Tuesday, May 06, 2008

Imaginary Portraits discussion: Chapter 3

“Sebastian Van Storck”

As I read Pater’s Imaginary Portraits and get comfortable with his style and approach, the more I feel like I'm looking at a painting. Everything ties together, although you don’t always realize it at the time…the narrative may not be part of the main subject but it works its way into shaping how you view the overall work. “Sebastian Van Storck” is set in 17th century Holland when Dutch society enjoys the fruits of power and prosperity. The title character rejects society, family, art, and love (although he doesn’t reject the ease of life that affluence provides in a well-to-do family), vainly trying to escape what he sees as imprisoning forces around him.
”Sebastian had come to think all definite forms of being, the warm pressure of life, the cry of nature itself, no more than a troublesome irritation of the surface of the one absolute mind, a passing vexatious thought or uneasy dream there, at its height of petulant importunity in the eager, human creature.”

He seeks to obtain “the restoration of equilibrium, the calm surface of the absolute, untroubled mind, to tabula rasa” by extinguishing or suppressing oneself. Sebastian rejects the materialism he sees around him and embraces a nihilism that leads him to attempt suicide. Once again, escape, symbolic and literal, is a major theme in these portraits.

As in the previous portraits, Pater clearly ties the internal life and the society as a whole. Despite being highly regarded by everyone, Sebastian is physically sick in addition to a melancholy spirit. Society tries to engage Sebastian, but usually for its own benefit—free dinners, marriage prospects, wealth seeking—things to benefit the individual at the exclusion of others. Pater intends Sebastian’s life to be a cautionary tale judging from the attending physician’s comment at the end of the portrait of the disease emerging “on people grown somewhat over-delicate in their nature by the effects of modern luxury.” In addition, Pater seems to be coming down hard on the romantic view of suicide…just because death was inevitable doesn’t mean that it should be sought before its time. When actively seeking death, Sebastian saves the life of a child. Finding a purpose that lies beyond one’s self gives meaning and purpose lacking in all other aspects of his life. While the emerging disease is literal, it also represents a metaphorical tuberculosis (and melancholy) that can affect those becoming too “delicate” in nature.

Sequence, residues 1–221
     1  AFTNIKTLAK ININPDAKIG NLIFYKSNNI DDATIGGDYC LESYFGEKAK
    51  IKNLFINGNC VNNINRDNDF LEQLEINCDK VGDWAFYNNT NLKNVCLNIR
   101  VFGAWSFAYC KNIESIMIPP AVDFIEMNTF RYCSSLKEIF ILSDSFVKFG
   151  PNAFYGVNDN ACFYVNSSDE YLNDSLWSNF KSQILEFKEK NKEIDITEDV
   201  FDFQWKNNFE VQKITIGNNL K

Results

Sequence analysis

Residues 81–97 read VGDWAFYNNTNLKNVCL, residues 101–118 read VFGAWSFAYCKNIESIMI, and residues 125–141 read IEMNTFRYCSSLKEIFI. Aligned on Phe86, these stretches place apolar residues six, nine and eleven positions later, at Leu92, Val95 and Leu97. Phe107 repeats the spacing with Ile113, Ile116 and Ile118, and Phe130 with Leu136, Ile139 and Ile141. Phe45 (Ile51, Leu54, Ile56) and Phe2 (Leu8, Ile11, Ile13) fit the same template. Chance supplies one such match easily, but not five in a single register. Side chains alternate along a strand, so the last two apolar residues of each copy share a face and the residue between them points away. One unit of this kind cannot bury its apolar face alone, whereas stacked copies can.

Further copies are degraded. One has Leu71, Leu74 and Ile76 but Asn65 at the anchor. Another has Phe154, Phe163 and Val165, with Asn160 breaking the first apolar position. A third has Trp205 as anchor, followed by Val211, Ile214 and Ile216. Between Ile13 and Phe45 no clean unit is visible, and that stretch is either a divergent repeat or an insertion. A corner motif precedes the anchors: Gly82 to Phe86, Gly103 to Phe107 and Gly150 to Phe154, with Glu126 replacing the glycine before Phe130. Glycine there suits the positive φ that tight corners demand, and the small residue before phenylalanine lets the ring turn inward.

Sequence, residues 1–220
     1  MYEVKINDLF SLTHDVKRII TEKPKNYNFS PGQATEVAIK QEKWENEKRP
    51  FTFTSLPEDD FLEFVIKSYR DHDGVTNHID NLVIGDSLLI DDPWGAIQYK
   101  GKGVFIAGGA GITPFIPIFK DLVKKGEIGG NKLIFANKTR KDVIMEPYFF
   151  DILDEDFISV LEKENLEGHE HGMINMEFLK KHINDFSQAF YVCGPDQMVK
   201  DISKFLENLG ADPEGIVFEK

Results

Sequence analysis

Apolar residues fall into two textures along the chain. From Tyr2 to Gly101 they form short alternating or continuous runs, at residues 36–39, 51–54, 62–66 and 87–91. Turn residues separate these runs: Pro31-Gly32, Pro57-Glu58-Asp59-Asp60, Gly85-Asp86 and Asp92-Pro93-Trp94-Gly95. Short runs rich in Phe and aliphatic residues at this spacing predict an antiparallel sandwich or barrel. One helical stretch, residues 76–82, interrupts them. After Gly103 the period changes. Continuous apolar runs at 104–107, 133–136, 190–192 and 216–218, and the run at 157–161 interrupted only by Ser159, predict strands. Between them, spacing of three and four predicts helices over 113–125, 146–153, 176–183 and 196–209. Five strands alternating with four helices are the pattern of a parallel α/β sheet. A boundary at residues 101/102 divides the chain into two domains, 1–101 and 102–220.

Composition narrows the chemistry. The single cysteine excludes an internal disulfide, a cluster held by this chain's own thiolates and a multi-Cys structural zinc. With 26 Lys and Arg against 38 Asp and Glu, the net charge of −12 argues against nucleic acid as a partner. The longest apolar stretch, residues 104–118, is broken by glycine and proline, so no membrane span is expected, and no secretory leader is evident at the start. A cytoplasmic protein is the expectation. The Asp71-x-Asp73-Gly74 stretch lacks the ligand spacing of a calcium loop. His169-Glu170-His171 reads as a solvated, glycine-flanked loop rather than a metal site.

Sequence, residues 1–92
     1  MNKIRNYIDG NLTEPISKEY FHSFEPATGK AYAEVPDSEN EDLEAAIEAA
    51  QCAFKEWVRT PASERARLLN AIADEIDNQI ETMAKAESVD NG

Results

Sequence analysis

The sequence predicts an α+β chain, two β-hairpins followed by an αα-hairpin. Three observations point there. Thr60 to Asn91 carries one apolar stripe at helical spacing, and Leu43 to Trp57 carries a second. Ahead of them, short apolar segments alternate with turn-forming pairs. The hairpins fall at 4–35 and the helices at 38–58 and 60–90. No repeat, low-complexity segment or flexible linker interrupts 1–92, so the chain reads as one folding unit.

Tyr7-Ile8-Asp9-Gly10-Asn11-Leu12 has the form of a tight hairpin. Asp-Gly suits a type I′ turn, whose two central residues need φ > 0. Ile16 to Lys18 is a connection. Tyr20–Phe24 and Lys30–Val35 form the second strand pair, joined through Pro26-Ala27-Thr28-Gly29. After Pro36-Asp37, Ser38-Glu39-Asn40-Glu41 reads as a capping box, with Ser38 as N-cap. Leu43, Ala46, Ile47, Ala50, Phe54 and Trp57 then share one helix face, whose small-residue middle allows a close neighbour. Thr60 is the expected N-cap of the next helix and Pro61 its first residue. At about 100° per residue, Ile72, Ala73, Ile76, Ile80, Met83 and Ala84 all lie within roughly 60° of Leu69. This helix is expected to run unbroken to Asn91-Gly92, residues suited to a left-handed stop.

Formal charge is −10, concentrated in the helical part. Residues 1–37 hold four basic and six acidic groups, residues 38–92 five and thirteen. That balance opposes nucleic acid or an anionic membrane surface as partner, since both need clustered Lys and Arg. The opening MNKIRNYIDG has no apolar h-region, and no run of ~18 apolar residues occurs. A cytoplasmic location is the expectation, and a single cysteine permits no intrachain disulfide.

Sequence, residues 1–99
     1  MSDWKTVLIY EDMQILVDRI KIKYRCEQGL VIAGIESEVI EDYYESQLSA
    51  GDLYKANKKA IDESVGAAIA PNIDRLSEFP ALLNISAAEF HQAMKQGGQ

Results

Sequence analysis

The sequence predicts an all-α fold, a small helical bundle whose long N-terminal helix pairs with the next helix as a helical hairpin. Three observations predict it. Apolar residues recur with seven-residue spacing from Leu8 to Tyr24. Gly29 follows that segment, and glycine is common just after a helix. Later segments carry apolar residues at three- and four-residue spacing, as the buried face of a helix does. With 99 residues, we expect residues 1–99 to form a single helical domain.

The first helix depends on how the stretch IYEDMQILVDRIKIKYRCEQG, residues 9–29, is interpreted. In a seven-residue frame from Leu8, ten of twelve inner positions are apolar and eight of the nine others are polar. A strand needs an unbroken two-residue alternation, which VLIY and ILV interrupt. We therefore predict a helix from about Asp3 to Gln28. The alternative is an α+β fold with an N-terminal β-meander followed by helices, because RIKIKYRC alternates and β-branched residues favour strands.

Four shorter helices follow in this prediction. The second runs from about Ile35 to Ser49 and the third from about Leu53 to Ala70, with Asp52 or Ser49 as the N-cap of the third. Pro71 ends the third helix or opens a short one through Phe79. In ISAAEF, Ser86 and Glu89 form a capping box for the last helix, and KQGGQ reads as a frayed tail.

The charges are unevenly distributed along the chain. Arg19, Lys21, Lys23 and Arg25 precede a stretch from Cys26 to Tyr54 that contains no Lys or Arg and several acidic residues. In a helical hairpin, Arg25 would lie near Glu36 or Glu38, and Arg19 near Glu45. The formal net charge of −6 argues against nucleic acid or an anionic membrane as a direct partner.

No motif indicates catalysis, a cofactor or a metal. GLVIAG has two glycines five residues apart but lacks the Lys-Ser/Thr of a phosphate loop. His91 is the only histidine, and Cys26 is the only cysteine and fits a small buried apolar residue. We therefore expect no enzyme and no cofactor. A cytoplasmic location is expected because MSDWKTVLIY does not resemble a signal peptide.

A strong watery component fills this portrait, starting with the setting itself. Holland is described as half land, half water and constantly under threat of being consumed by the sea. The storm at the end of the story shows the delicate balance and reliance on the dykes for the country’s wellbeing. In addition to describing life around this constant watery threat, Pater’s language adds to the feel. One example: “…(T)he monotonous tide of competing, fleeting existence.”

Emerging from these portraits are philosophical views embodied in tragic fables. Next will be the final portrait in this collection, “Duke Carl of Rosenmold,” and hopefully some additional stories by Pater that fit the Imaginary Portraits mold.

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